GUAN WEI AQUISITION

In 2006 internationally acclaimed Chinese/Australian artist Guan Wei travelled to the Northern Territory to participate in an artist camp at Gunbalanya (Oenpelli), Western Arnhem Land where he worked alongside Kunwinjku artists from Injalak Arts and Crafts. The painting A Myseterious Land No.9 evocatively captures the artist’s first encounter with the outback and his view of similarities between Aboriginal culture and the Taoist philosophy of ancient China.
 
MAGNT has acquired this important work, building upon the vision of founding director Colin Jack-Hinton who aspired to develop a nationally significant collection for the people of the Northern Territory.

 

The work was purchased with funds donated by Judy Dent, Fiona Douglas, Scott Elliot, Patricia Isaacs, Liam Kruytbosch, Samantha Lillie, Agnes Michelet, Jane Renshaw, Alastair Shields and Sibylle Brautigam, Allison Stout, Rex Waddell and anonymous donors through the 2017 public appeal.​
 

Guan Wei at the Culture Trackers Artist Camp in 2006

THE STORY

The outback at night can be a scary place full of creepy noises and strange cries and for Chinese born artist Guan Wei, camping under the stars at Gunbalanya in Arnhem Land was an unnerving experience. He recalls having great difficulty finding sleep on his first night and, although being filled with fear, there was a feeling of awe at the majestic landscape.

 

Guan Wei moved to Australia in 1990 following the Tiananmen Square massacre in his hometown of Beijing. Although having lived in Australia for over 16 years, he had never been camping when he took part in a Culture Trackers Artist Camp in 2006. Organised by 24HR Art (now the Northern Centre for Contemporary Art) in collaboration with Injalak Arts and Crafts, he was one of five artists of migrant background selected to participate due to his reputation as a major figure in the Australian art scene.

 

The Artist Camp ran as part of an ongoing program inspired by the Artist in the Field program run by the Museum and Art Gallery of the Northern Territory (MAGNT) between 1980 and 1991. This program created important opportunities for leading artists from around Australia to experience the inspiration of the Territory’s stunning landscapes. Many of the works created during these camps were acquired by MAGNT and the art collection today includes paintings by such luminary figures as Clifton Pugh, Frank Hodgkinson and Tim Storrier.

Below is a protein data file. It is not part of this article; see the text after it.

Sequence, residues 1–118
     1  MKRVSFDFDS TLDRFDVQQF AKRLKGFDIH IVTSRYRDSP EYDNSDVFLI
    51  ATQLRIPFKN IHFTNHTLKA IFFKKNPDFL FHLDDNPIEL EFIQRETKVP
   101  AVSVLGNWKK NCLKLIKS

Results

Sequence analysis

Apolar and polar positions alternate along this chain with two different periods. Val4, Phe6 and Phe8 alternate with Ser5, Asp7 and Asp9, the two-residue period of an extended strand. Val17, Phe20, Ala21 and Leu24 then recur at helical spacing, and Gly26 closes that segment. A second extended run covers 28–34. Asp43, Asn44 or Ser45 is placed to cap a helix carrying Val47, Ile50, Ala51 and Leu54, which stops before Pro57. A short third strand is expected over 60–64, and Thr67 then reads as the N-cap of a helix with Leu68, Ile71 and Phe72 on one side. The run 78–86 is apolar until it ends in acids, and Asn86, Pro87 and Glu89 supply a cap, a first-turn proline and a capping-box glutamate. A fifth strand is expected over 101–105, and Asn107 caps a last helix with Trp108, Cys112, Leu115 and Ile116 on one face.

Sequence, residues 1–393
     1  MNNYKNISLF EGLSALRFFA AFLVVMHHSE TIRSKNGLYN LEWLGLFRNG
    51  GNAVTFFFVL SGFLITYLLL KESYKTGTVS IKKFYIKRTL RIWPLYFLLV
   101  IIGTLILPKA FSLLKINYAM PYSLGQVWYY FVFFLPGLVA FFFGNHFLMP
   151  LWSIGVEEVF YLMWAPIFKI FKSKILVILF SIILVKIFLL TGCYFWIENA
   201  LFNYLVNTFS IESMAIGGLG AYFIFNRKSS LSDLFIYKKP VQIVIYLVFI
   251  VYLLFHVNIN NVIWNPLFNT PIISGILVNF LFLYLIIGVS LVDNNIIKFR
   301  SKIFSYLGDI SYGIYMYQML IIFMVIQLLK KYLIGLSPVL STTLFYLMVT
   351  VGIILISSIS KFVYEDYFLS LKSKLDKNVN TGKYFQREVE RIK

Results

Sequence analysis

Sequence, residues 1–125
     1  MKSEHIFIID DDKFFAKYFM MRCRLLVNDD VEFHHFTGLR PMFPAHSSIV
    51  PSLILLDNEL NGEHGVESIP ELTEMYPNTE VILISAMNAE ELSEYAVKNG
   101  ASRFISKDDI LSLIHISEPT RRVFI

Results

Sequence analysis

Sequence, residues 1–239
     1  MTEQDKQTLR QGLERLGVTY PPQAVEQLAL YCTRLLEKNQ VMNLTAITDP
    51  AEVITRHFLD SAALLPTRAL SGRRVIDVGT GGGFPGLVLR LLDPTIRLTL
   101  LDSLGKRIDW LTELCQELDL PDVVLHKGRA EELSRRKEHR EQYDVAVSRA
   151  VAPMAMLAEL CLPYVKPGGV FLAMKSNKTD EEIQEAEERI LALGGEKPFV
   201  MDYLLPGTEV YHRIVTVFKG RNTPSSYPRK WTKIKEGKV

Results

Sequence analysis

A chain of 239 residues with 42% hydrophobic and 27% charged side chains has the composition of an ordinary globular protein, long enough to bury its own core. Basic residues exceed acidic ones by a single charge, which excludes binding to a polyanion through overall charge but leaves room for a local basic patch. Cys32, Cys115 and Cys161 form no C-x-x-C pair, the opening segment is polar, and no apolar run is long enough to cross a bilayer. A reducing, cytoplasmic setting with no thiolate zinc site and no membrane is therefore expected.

Guan Wei’s experiences at Gunbalanya led to the series of paintings A Mysterious Land – a body of work which represents the mystery and the sheer beauty of Arnhem Land. Over the course of the camp he worked closely with Aboriginal artists, visiting rock art sites and learning about their culture, which led to his interest in the similarities between Aboriginal culture and the Taoist philosophy of ancient China. Being in the outback also made him reflect on Australia during colonial times and the early European depictions of the desert as a “harsh, savage, cruel and deserted place.” He comments “Australia was rarely seen as the setting of a rich Aboriginal history and stories.”

 

MAGNT has launched an appeal to purchase a key work from the series, ‘A Mysterious Land No. 9,’ with recognisable Territory features including a termite mound and menacing crocodile. Guan Wei’s signature faceless men hide in the scrub their gaping mouths expressing the terror they feel. For Guan Wei even the trees in the outback could be threatening. Inexperienced in the ways of the bush he recalls setting up his tent under a gnarled old tree. On the advice of another artist he moved his tent the next day and the following night a big branch crashed to the ground during high winds right over the spot where the tent was originally pitched. A broken branch stump in the painting recalls this event. Despite his initial misgivings, the outback had a powerful resonance for Guan Wei and he hopes that through his painting people might reacquaint themselves with nature, even return to nature.

 

MAGNT have the exciting opportunity to acquire this significant work. Assistant Director Louise Tegart observed the importance of building the collection of artworks with major acquisitions of significant artists that have a NT focus.

 

'The MAGNT collection is part of the nationally distributed collection and belongs to the people of the Northern Territory. It is a record of artistic practice in the NT and is an insight into cultural responses to this diverse landscape. Guan Wei’s painting ‘A Mysterious Land No. 9’ is an important example of this and acquiring the work joins it with other works of the NT by significant artists. Growing the collection in turn evolves our understanding of what is truly unique about where we live, and fosters the endless creative possibilities for future generations.'

Wendy Garden

CURATOR OF AUSTRALIAN ART

For a confidential discussion about your support

Phone +61 (08) 8999 8207

Meredith.Dellar@magnt.net.au

 

Development Manager

MAGNT

GPO Box 4646

Darwin NT 0801

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Guan Wei at the Culture Trackers Artist Camp in 2006

CONTACT

Museum and Art Gallery of
the Northern Territory

GPO Box 4646, Darwin NT 0801

+61 8 8999 8264

info@magnt.net.au
MAGNT acknowledges the traditional owners of country across the Northern Territory and beyond, and pays respect to Elders past, present and emerging.
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ABN  22 932 713 682